Here though the unions so often prove their worth for the bosses. Take last year’s battle of building site electricians when the leading construction companies suddenly announced they were no longer keeping to the established wage agreement and thought they would impose a pay scale with much lower wages. Rank and file militants from Unite immediately decide to organise a fight and did not wait for the union negotiating machinery to trundle into play. They organised flying pickets, instant walk-outs, as well as public meetings outside of union control to gather support and publicity. In the end the bosses backed down, even if only for the time being. Undaunted though Len McCluskey, General Secretary of Unite and member of the Coalition of Resistance, now claims the struggle as a shining example of how a rank and file movement can be linked to the official union. In other words, a possible breakaway, more difficult for the bosses to deal with, has been diverted back into the TUC safety valve.

A growing number of grass root militants are sickened by all this. But the answer is not to form new unions, much less attempt to resurrect the ‘Old Labour Movement’. Any union, once established, has the job of negotiating with the bosses on behalf of its members. This is in the midst of the worst capitalist crisis since the 1930s. Despite all the good intentions of the new union it will come up against the reality of the capitalist crisis and the conflicting interests of the bosses who, faced with declining profits and shrinking markets, are desperately looking for ways to reduce costs and increase ‘productivity’. (Wage rates, shifts and work patterns, jobs? ) ? New unions, old unions, one big syndicalist union, every union must come up against the glaring fact that the interests of the bosses and the interests of the workforce are entirely opposed.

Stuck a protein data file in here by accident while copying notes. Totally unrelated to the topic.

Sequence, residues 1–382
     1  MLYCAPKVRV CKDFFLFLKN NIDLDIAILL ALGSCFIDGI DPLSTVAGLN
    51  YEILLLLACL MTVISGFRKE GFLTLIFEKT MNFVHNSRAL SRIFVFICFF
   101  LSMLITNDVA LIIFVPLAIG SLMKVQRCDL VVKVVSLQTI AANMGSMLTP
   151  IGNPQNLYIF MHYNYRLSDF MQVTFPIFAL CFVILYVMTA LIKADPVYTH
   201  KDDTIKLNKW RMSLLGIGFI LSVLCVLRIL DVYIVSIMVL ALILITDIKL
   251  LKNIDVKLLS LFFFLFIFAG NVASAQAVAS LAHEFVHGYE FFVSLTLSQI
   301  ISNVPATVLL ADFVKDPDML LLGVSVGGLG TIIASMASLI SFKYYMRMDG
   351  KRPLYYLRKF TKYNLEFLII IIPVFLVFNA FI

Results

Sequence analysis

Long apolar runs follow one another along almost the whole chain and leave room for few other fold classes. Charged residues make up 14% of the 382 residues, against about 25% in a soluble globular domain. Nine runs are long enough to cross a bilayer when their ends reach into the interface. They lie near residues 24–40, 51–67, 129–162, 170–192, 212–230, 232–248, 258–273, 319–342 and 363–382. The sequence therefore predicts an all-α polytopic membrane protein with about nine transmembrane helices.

Likewise the notion that a return to Old Labour (in our view this is impossible) would be a ‘good thing’ should be knocked on the head. There was nothing socialist about the Old Labour Party. It’s famous Clause Four was based on the convenient myth that nationalisation equals socialisation and that this is a step towards full-blown socialism. For decades the myth that state capitalism is the same as socialism dominated working class consciousness. At least with the likes of Miliband that myth is laid to rest. There is no ambiguity either about New Labour’s identity. Just like Old Labour, it is staunchly nationalistic. Miliband’s claim to the “One Nation” motto of Disraeli, the 19th century Tory, only highlights what Labour is about: defending this increasingly class-divided society by pretending that a few tax tweaks at the top (echelons) will make the rest of us accept whatever is thrown at us.

So, the question remains,

‘How to Resist?’

The instincts of the rank and filers are right. We need fighting organisations run by workers themselves. That means mass meetings which elect and control recallable delegates. We need to unite our struggles across the apparent divisions between us – one workplace against another, public sector versus private sector, manual and technical workers, male and female, national and racial divisions etc. Ultimately it means recognising that we are in a ‘them and us’ situation. In today’s situation whatever economic gains we win one day are taken back the next. The only real way to build momentum is for the movement to adopt political aims. Either they force us to our knees or we set our sights on a better way of organising the world. There are no recipes about exactly how this will be achieved. The practical obstacles can only be recognised and overcome in the process of the struggle itself.

Even so, without a clear political purpose, without taking on board the lessons of the past, the spontaneous movement will drown in a sea of confusion and capitalist reaction. In other words, the question of overthrowing capitalist power, the direction of society has to be addressed. We can’t get away from it, the onus is on today’s political militants to reach an agreement on the basis of what has to become an increasingly practical communist POLITICAL programme.

Saturday, October 20, 2012

Aurora (en)

Aurora is the broadsheet of the ICT for the interventions amongst the working class. It is published and distributed in several countries and languages. So far it has been distributed in UK, France, Italy, Canada, USA, Colombia.